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Creating Visual Harmony: The Art of Color & Contrast in Landscaping

by | Sep 25, 2023 | Landscaping, Gardening | 0 comments

Shrubs and trees can provide a rainbow of colors in the landscape. Their longevity matters because of the cost to establish and maintain them.

Shrubs & Flowers

The spring-flowering shrubs with color are:

  • azalea – pink, purple, red or white
  • flowering quince – orange, pink, red, or white
  • forsythia – yellow
  • hypericum – yellow
  • Indian hawthorn – pink or white
  • mountain laurel – purple
  • snowball – white
  • weigela – pink, red, or white

The spring and summer flowering shrubs with color are:

  • althaea – pink, red, violet or white
  • Bridal wreath – purple or white
  • gardenia – white
  • hydrangea – blue, pink, or white
  • oleander – pink, red, white or yellow
  • pomegranate – red

The summer flowering shrubs with color are:

  • abelia – pink or white
  • bottlebrush – red

The summer and fall flowering shrubs with color are:

  • crape myrtle – pink, red, purple, or white
  • flowery senna – golden yellow
  • purple sage – lavender-pink or white

The late fall-to-spring flowering shrubs with color are:

  • camellia – pink, red, or white
  • Italian jasmine – yellow
  • primrose jasmine – yellow

Shrubs with fruit

The shrubs with colorful fruit are:

  • aucuba – red
  • barberry – purple or red
  • cotoneaster – red
  • euonymus – red
  • holly – red or yellow
  • honeysuckle – red
  • Indian hawthorn – purple
  • juniper- steel blue
  • ligustrum – blue-purple
  • mahonia – steel blue
  • nandina – orange-red
  • photinia – red
  • pomegranate – red
  • pyracantha – orange, red, or yellow
  • redwing – red
  • rose – red
  • viburnum – black or red
Colorful trees in the landscape.

Colorful trees in the landscape.

Longevity of Trees

The trees with a long life span (over 50 years) are bald cypress, bur oak, cedar elm, Chinese pistache, Chinquapin oak, crape myrtle, dogwood, Eastern red cedar, lacebark elm, live oak, Loblolly pine, magnolia, pecan, red oak, slash pine, sweetgum, water oak, and yaupon holly.

The trees with a medium life span (25 to 50 years) are Chinese tallow, cottonwood, crabapple, Deodar cedar, golden raintree, green ash, hackberry, loquat, ornamental pear, redbud, and silver maple.

The trees with a short life span (under 25 years) are Arizona ash, boxelder, catalpa, Chinaberry, fruitless mulberry, Lombardy popular, mimosa, Siberian elm, sycamore, and willow.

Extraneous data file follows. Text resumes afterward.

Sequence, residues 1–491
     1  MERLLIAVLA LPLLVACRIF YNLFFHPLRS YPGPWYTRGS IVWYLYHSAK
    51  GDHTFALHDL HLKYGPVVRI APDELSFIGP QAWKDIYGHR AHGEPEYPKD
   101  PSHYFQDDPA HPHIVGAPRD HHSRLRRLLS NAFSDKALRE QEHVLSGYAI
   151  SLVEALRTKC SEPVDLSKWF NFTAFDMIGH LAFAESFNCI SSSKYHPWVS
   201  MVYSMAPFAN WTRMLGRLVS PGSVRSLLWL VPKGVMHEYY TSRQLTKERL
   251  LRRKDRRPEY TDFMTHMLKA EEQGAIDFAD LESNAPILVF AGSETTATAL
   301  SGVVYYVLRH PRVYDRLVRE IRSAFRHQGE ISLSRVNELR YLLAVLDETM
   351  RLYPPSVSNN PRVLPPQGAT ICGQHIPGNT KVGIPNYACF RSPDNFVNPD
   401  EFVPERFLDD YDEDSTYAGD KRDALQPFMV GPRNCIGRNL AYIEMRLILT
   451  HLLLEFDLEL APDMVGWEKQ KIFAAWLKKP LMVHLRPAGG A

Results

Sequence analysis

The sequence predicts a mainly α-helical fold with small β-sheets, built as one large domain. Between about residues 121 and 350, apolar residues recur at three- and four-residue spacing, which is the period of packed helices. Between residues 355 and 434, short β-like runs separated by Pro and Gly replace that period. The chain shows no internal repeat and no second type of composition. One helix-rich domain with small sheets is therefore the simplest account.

Trees & Flowers

These trees produce spring flowers with color:

  • crabapple – pink, rose-red or white
  • dogwood – pink, red, or white
  • possumhaw holly – white & red berries
  • flowering peach – pink, red, or white
  • flowering pear – white
  • flowering plum – pale pink or white
  • redbud – burgundy, pink, or white
  • saucer magnolia – white/orchid blend
  • southern magnolia – white

The summer flowering trees with color are:

  • althaea (rose of Sharon) – lavender, pink or white
  • crape myrtle – lavender, pink, red, or white
  • golden raintree (northern) – yellow
  • golden raintree (southern) – yellow
  • mimosa (silktree) – pink
  • pomegranate – orange-red
  • retama (Jerusalem thorn) – yellow

Trees with red leaves

The best trees for red fall color are blackgum, Chinese pistache, Chinese tallow, crape myrtle, dogwood, Japanese maple, ornamental pear, red maple, red oak, smoke tree, sumac, and sweetgum.

Trees with yellow leaves

The best trees for yellow fall color are American elm, Arizona ash, ginko, green ash, persimmon, pomegranate, silver maple, and western soapberry.

Transplanting Trees & Shrubs

Transplanting shrubs or trees usually causes considerable damage to the root system. You should prune the limbs to an extent more than the damage to the root system so the plant will continue to grow. If limbs aren’t pruned, the plant may die during the summer or not grow much for several years.

The hole should be slightly shallower than the roots so that the soil mark on the plant will be higher than ground level. Soil removed from the hole can backfill around the roots. Backfill the hole to about half, then cover the soil with water and wiggle the plant so the air around the roots bubbles up.

Backfill the remaining soil and form a small berm around the plant and over the hole’s edge. Apply more water to soak the topsoil. The plant may need more water each week during the first year.

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